Interdependent, Not Government-Dependent
This week’s Biblical portion starts the story of the Tabernacle, the portable house of worship in the desert. In his commentary, Rabbi Sacks draws for us some key lessons about the extent to which people could and should depend on the government.
People need a hands-on role in building their lives. No hand-outs.
So long as every crisis was dealt with by Moses and miracles, the Israelites remained in a state of dependency. Their default response was complaint. For them to grow to adulthood and responsibility, there had to be a transition from passive recipients of God’s blessings to active creators. The people had to become God’s “partners in the work of creation.” That, I believe, is what the sages meant when they said, “Call them not ‘your children’ but ‘your builders.’” People have to become builders if they are to grow from childhood to adulthood.
People rise or fall by their own efforts. But they do so by living the Right Way – or not living the Right Way.
It is easy to live a life of dependency. It is equally easy in the opposite direction to slip into the mistake of saying “My power and the strength of my hands have produced this wealth for me” (Deut. 8: 17). The Jewish view of the human condition is that everything we achieve is due to our own efforts, but equally and essentially the result of God’s blessing.
Great leaders do not make it all about themselves.
From this we see that one of the greatest challenges of leadership is to give people the chance to give, to contribute, to participate. That requires self-restraint, tzimtzum, on the part of the leader, creating the space for others to lead. As the saying goes: “When there is a good leader, the people say: The leader did it. When there is a great leader, the people say: We did it ourselves.”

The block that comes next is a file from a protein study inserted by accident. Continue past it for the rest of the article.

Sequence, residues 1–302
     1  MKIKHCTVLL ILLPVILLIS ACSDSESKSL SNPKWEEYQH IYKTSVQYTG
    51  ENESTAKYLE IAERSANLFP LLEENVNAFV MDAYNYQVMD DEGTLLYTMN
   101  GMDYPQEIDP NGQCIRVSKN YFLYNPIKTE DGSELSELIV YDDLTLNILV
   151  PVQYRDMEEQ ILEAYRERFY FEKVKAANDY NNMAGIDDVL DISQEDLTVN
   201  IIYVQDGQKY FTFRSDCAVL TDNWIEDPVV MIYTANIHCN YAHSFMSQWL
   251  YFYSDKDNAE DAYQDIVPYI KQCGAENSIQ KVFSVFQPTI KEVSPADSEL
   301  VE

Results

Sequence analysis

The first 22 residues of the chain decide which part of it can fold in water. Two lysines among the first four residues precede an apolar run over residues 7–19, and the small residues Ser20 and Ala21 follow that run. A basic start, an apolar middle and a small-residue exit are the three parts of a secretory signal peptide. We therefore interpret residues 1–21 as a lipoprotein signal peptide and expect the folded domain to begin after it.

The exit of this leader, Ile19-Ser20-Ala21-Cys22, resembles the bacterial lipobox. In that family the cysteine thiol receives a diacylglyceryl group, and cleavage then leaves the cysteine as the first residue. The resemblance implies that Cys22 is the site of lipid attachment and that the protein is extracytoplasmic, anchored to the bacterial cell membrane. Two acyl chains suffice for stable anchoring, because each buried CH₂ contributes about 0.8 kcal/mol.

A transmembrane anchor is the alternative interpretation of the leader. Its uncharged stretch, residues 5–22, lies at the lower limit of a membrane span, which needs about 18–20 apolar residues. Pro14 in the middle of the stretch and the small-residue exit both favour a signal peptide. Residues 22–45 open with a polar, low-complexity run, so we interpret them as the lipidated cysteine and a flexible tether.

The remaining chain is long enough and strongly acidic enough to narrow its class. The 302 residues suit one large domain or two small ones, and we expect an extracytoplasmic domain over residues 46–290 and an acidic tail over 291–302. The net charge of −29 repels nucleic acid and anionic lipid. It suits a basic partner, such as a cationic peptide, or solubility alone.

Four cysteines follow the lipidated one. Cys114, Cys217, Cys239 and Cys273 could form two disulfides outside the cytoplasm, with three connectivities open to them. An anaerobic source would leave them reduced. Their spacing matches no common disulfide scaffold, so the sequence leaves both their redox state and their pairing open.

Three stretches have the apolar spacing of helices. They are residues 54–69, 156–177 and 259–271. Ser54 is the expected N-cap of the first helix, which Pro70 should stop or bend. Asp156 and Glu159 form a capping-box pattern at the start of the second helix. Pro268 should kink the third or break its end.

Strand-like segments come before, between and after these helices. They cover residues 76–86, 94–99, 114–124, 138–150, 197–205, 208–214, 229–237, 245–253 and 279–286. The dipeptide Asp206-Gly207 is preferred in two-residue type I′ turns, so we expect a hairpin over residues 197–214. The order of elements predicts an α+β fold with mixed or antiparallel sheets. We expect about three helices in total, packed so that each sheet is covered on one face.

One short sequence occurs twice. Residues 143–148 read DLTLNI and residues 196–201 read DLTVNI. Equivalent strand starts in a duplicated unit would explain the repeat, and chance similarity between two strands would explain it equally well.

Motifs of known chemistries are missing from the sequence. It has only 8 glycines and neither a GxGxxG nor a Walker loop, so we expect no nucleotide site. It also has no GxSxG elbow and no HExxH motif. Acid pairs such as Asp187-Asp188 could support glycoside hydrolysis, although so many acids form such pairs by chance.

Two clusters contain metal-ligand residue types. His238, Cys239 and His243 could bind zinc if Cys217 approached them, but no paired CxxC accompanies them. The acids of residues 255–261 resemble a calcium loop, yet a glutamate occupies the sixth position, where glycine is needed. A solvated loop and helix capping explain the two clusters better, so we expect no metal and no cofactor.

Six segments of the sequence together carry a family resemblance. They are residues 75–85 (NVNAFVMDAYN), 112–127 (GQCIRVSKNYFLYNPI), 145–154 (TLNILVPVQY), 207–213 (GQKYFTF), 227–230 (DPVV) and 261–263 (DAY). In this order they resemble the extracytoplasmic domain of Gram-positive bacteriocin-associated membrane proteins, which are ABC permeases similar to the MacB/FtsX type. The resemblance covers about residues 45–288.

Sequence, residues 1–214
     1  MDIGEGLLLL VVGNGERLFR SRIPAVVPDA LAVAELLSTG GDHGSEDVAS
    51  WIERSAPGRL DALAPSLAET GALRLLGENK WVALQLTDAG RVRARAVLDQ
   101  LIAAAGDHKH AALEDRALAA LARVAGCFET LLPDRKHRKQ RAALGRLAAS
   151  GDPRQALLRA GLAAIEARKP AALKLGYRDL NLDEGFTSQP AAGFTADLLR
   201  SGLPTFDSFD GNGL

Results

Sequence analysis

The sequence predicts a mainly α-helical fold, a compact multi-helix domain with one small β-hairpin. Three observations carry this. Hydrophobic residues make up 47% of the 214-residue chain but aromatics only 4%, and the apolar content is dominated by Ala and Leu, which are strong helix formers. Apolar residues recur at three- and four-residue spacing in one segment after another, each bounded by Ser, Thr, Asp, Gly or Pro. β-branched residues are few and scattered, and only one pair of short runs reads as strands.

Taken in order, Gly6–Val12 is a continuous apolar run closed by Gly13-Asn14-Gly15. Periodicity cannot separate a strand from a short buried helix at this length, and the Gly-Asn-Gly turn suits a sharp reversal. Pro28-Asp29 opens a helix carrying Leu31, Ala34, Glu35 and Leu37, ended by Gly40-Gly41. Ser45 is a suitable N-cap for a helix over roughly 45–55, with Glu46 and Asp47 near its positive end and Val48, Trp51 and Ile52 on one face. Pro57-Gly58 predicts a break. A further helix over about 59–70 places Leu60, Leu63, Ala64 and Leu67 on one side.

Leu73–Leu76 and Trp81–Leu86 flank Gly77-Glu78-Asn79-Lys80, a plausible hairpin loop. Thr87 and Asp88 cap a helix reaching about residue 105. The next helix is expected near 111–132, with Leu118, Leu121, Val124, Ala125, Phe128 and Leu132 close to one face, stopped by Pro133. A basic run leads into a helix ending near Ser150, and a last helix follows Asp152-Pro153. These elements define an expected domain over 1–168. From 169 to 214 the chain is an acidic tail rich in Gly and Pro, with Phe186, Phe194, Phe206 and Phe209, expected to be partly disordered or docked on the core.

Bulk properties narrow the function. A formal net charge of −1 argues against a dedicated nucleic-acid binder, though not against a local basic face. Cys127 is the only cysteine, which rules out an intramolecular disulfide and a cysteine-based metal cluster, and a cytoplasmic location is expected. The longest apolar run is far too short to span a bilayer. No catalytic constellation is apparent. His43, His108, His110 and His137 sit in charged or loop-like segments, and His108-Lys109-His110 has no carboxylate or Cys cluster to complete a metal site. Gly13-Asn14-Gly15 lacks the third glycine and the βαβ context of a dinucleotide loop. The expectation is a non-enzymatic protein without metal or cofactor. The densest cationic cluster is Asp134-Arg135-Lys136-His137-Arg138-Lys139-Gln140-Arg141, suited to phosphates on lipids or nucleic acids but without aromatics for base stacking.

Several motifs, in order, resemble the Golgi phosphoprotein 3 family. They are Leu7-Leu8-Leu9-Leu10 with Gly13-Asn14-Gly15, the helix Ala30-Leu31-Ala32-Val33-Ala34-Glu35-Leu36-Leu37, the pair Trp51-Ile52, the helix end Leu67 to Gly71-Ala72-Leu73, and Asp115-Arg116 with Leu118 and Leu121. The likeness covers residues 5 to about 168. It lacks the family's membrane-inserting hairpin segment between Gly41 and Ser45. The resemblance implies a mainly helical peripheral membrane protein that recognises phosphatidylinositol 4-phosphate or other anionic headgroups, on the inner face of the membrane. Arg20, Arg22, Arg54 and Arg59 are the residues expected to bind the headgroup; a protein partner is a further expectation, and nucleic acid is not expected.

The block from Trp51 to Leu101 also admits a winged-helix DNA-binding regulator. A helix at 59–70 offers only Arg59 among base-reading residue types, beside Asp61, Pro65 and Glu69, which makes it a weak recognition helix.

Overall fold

Small State, Big Society.
This brings us to the fundamental distinction in politics between State and Society. The state represents what is done for us by the machinery of government, through the instrumentality of laws, courts, taxation and public spending. Society is what we do for one another through communities, voluntary associations, charities and welfare organisations.
The Bigger the Centralized Government, the Smaller the Citizen.
The person who had the deepest insight into the nature of democratic society was Alexis de Tocqueville. Visiting America in the 1830s he saw that its strength lay in what he called the “art of association,” the tendency of Americans to come together in communities and voluntary groups to help one another, rather than leaving the task to a centralised government. Were it ever to be otherwise, were individuals to depend wholly on the state, then democratic freedom would be at risk.
Above this race of men stands an immense and tutelary power, which takes upon itself alone to secure their gratifications and to watch over their fate. That power is absolute, minute, regular, provident and mild. It would be like the authority of a parent if, like that authority, its object was to prepare men for manhood; but it seeks, on the contrary, to keep them in perpetual childhood: it is well content that the people should rejoice, provided they think of nothing but rejoicing. For their happiness such a government willingly labours, but it chooses to be the sole agent and the only arbiter of that happiness; it provides for their security, foresees and supplies their necessities, facilitates their pleasures, manages their principal concerns, directs their industry, regulates the descent of property, and subdivides their inheritances: what remains, but to spare them all the care of thinking and all the trouble of living?
The Leaded as team-builder.
There is only one solution: to make the people co-architects of their own destiny, to get them to build something together, to shape them into a team and show them that they are not helpless, that they are responsible and capable of collaborative action.